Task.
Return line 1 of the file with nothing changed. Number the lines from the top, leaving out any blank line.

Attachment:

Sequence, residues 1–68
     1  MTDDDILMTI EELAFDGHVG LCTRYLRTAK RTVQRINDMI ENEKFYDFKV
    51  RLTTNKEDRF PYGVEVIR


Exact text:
Sequence, residues 1–68